Wormhole space can be a mysterious and difficult world to enter. There are no jump gates and systems aren’t put together in regions or constellations to help you keep track of where you are. Even system names are arcane and difficult to remember. When you consider wormhole classes, system effects, and more, you may never know what you’re getting into when you jump into a system.
But for those explorers who want to risk the danger, Staticmapper helps take some of the unknown out of the process.
Around the time Apocrypha was released, Raath’s corporation was wardec’d. Being a carebear and happy with his fleet of Hulks and Orca, he and his corpmates decided to explore the new wormhole systems. At the time, there was only wormholethingie as a guide, so Raath extracted the database into an excel spreadsheet that they used to log which wormholes they came across. It soon became apparent that they needed a corp-based web app, so he put together the first shell of Staticmapper as a logging tool to track their exploration.
Soon after, they released the app to the public. Once people started using the site, it soon became apparent that there was a pattern to the assignment of statics, so they began to pieces together what statics related to what region/constellation. Before long, he had enough data to fill the whole of w-space up.
From the word go, the site was very popular. The majority of people praised it and it soon became the de facto resource for w-space navigation. There was a small minority, however, who disliked it because of the ease it gave new w-space explorers (in one case, Raath was threatened with a life full of gank if he didn’t take the site down!)
About the Site
The site works via the in-game browser. When a user has added the site to his trusted sites list, it enables an “Add Visit to Database” button to the site, allowing users to log their trips through w-space. Additionally, users can add a sigmap to keep track of what’s in their system, share those sigmaps with corp members, and make a note of friendly and hostile systems.
The site also has a tool for non-w-space residents. The Jumpbridge Map tool allows an alliance to create a map of their jumpbridge network, then share the map with their alliance via the API and passwords.
One key aspect of the site is that Raath wanted it to be a community tool, so pretty much the entire dataset is populated by user data. There are still some systems with no associated scan record, which appears to have driven an exploration style of gameplay to find these systems. Raath has spoken to a few explorers who use the site exclusively for the purpose of finding unexplored systems.
Daily, the site gets between 3-4k visits. Each month, Raath gets roughly 30k unique visitors, around 80-90k visits, and serve up to 1 million pages. The busiest days are always the weekend and daily traffic peaks always around 14-15:00 UTC. The USA is the most frequent visitor, followed closely by Russia.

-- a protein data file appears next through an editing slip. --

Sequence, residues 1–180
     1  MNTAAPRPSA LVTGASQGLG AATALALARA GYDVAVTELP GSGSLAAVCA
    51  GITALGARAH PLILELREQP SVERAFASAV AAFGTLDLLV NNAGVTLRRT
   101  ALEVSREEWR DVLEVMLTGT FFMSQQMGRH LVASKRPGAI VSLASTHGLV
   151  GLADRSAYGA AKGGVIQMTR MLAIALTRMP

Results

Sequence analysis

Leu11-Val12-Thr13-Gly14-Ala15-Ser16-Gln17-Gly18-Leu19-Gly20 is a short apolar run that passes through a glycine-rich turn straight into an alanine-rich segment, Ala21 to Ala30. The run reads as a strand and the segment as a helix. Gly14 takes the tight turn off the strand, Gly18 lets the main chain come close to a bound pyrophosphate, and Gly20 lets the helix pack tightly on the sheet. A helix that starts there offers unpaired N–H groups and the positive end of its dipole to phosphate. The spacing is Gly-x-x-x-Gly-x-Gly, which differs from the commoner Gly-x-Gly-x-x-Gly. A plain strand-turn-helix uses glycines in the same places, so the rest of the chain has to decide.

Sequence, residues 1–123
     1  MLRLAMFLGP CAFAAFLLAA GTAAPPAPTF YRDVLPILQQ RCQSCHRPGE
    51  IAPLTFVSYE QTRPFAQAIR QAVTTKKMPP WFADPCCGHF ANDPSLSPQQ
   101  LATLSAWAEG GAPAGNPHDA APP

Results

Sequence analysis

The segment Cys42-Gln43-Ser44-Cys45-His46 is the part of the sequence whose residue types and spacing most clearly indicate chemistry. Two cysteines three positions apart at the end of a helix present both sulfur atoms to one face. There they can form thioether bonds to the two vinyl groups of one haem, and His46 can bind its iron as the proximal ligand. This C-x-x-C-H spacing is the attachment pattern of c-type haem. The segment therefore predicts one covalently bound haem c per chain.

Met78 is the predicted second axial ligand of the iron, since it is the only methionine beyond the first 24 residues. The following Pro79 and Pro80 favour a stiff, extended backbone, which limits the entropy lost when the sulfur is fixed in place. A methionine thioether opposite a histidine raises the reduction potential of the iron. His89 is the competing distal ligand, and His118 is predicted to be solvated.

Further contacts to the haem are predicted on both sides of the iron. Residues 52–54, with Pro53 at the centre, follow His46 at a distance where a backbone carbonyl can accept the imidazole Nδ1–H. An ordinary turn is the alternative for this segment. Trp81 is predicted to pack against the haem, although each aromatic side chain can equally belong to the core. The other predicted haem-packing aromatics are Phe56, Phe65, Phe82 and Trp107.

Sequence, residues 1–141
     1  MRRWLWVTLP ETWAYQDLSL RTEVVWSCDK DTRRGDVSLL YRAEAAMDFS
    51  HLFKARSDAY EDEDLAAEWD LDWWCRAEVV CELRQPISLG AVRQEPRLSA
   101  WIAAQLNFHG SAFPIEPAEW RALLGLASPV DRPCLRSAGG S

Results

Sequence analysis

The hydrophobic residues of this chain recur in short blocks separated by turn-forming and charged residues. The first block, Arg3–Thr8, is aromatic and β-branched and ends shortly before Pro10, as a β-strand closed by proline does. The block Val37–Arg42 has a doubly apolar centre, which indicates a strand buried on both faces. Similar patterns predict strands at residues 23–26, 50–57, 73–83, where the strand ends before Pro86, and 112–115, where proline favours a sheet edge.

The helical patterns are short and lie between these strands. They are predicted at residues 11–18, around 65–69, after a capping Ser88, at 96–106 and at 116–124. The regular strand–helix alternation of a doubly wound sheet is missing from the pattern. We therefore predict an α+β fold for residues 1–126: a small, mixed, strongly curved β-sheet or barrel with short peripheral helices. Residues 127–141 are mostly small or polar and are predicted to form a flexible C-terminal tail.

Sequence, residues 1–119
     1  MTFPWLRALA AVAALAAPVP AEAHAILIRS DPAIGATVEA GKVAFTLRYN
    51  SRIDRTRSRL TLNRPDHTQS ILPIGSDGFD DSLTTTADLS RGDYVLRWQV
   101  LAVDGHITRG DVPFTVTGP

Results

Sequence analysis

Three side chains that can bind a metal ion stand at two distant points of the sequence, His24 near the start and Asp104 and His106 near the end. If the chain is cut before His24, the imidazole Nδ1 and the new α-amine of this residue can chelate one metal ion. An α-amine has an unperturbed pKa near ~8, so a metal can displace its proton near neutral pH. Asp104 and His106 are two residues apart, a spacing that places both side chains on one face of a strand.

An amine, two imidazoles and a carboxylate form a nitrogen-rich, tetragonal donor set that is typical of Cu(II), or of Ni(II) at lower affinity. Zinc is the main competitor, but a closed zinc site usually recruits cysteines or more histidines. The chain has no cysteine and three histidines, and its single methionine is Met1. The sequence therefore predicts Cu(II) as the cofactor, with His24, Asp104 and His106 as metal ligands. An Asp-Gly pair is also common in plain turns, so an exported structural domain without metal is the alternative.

Raath is currently part way through a complete site rebuild. Over the past 12 months in particular, he has seen an increased use of smart phones and fondle-slab devices on the logs and has had more than few requests to make the site more responsive. He’s completely overhauling the old school HTML template with a responsive twitter bootstrap theme and reworking the backend with the MVC framework fuelphp. Progress is going smoothly and he hopes to have the new site ready within the next couple of months.
There will be some cool additions, including a visual route-link chart showing current scan history as well as potential routes back to k-space and the illusive high-sec static. A faster galaxy map for the route planner and a completely new sig map tool with a cut and paste feature everyone has been asking for. He will also be adding further information regarding scannable anomalies and linking it to the market data he collects via his other community site, the DRK Industry Tracker, for that very important question “How much is this stuff worth?”
Once he has completed this site revamp, he is also planning on updating said Industry Tracker with the same technology. As long as there is an EVE Online, Raath will continue to develop for it!
Raath has been playing EVE since 2007, when he saw an article on a website and thought he’d give it a go. The game held his interest for a while, but what really hooked him into EVE was its API. From the word go, he was fiddling with little widgets that interacted with the IGB or with data from the API and it was this ability to metagame to the extreme that has really kept him interested in EVE.
In game, Raath is into industry in a big way. He single handedly runs a fairly large capital production line building carriers and dreads that he sells on the open market. Blake of the k162space blog frequently posts about their exploits and results. It pays for the PLEX! He keeps the whole thing working together with his other public site, DRK Industry Tracker, which is a full blown suite of project management tools geared towards large scale industry.
Out of game, he is married with 4 fantastic kids. He is a professional LAMP/LEMP developer. He’s also a Linux user happily multiboxing all 6 of his accounts at the same time through wine and is a proud member of EVE’s 3rd party development community.